“What is SRL?” is definitely the main and the most important question of the first week of the SRL studies and of the first course’s lecture. I think I’ve already described the goals for this stage in my previous blog post, so I won’t repeat myself here. The main goals for me in brief is to understand whether my understanding of the SRL concept was quite decent or was a total failure prior to the course and in both cases strive for the deep understanding of the topic.
PLEASE NOTE that if you’re familiar with the articles already you might want to go ahead and scroll down directly to the ICE-notes, which are more of a personal rants 😀
After the 1st lecture by Sanna Järvelä, which I’ve truly enjoyed, it became very clear that the 21st century learning skills definitely involve the strategic regulation of learning in individuals and teams. Being metacognitive, we, the humans, are able to experiment our own learning while turning it into active and proactive processes, which are to involve monitoring, evaluation and regulation.
So, self-regulated learning (SRL) can be termed as a student’s ability to independently and proactively engage in self-motivating and behavioral processes that increase goal attainment (Zimmerman, 1998).
It becomes clear that the SRL is not only about applying the learning strategies and skills to practice; it’s the interdependant process of monitoring, controlling and adapting. And that’s exactly what the first article dwells upon:
1. Hadwin, A.F., Järvelä, S., & Miller, M. (2011). Self-regulated, co-regulated, and socially-shared regulation of learning.
The article presents the SRL as a circle of setting goals, monitoring, controlling and evaluating, which is related to the so-called SRL circle (Winne & Hadwin 1998), which has the task understanding (the one which activates the other 3), setting goals and creating the plans, applying the strategies & adapting and regulating your own learning.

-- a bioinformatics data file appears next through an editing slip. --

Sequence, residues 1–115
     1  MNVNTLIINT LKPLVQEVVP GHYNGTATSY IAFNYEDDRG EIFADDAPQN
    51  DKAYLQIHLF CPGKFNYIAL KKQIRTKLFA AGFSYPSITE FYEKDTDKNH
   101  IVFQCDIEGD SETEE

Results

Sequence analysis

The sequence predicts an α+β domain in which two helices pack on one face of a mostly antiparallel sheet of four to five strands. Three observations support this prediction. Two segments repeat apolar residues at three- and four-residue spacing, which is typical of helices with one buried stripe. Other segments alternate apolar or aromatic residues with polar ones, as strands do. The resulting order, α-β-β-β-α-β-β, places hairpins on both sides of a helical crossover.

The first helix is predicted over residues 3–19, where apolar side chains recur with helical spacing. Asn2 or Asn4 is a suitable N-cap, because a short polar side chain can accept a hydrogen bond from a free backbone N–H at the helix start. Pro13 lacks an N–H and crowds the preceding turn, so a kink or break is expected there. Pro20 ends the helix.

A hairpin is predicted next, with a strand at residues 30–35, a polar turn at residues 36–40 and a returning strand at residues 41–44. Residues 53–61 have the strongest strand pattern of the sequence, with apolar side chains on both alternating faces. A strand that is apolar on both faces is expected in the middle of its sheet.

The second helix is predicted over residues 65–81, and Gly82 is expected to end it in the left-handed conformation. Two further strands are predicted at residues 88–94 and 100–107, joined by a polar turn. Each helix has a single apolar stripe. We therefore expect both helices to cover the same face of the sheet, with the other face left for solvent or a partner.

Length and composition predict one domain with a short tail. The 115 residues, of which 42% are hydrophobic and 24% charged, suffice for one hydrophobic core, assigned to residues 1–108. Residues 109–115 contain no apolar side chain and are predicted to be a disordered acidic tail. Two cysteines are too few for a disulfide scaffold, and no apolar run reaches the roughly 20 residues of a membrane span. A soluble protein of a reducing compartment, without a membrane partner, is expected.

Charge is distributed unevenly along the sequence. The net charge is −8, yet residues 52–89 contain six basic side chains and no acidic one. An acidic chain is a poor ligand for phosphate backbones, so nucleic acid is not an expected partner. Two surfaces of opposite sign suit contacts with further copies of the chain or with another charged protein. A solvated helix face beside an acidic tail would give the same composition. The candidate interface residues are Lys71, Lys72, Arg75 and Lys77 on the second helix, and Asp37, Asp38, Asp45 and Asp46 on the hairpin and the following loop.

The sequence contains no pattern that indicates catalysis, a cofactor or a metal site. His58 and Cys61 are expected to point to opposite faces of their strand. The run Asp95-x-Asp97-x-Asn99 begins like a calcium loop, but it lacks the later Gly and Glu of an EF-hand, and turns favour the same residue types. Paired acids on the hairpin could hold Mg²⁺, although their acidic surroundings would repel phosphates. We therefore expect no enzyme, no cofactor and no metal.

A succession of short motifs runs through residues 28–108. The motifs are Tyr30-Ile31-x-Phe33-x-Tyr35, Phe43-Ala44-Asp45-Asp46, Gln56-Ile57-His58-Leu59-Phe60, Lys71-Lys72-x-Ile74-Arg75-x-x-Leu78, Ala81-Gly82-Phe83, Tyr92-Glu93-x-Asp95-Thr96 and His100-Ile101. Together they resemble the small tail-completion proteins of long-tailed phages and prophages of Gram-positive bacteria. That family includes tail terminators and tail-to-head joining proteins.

So, to sum up, the whole process goes like this:
Identification of the problem // goal setting // making plans and procedure setting // on-the-go data collection // findings and original goals comparison // making changes to the goals, plans and/or strategies (based on the findings).
The good practical reasons to regulate our learning surely exist. Successfull regulation in learning:
helps to achieve better results in learning (or in pretty much whatever else you happen to do);
positively affects our wellbeing;
helps to build the skills helpful in our everyday lives.
However, probably the most importabt feature of the article is the comparison of the 3 ways of regulation of learning, which form 3 main points of the publication: self-regulated learning (SRL), co-regulated learning (CoRL) and shared regulation of learning (SSRL).
1. Self-regulated learning (SRL)
SRL, according to the article, refers to a learner’s deliberate planning, monitoring, and regulating of cognitive, behavioral, and motivational/emotional processes towards completion of an academic task or goal. While being grounded in social cognitive theory, self-regulation is guided by environmental contexts and conditions that promote individuals to adopt, develop and refine strategies, monitor, evaluate, set goals, plan, and adopt and change belief processes. Self-regulation occurs in independent, cooperative, or collaborative tasks and leads to the changes in the knowledge, beliefs, and strategies individuals carry forward to new tasks contexts and to changes in structures and conditions of the environment. The ultimate goal of SRL, according to the article, is independence or personal adaptation in regulatory activity. Also, one of SRL’s crucial points is the aim to deep task understanding right from the start. And no one should forget that possessing the certain skills is not enough to ensure the success of one’s self-regulation; the will and dedication are needed!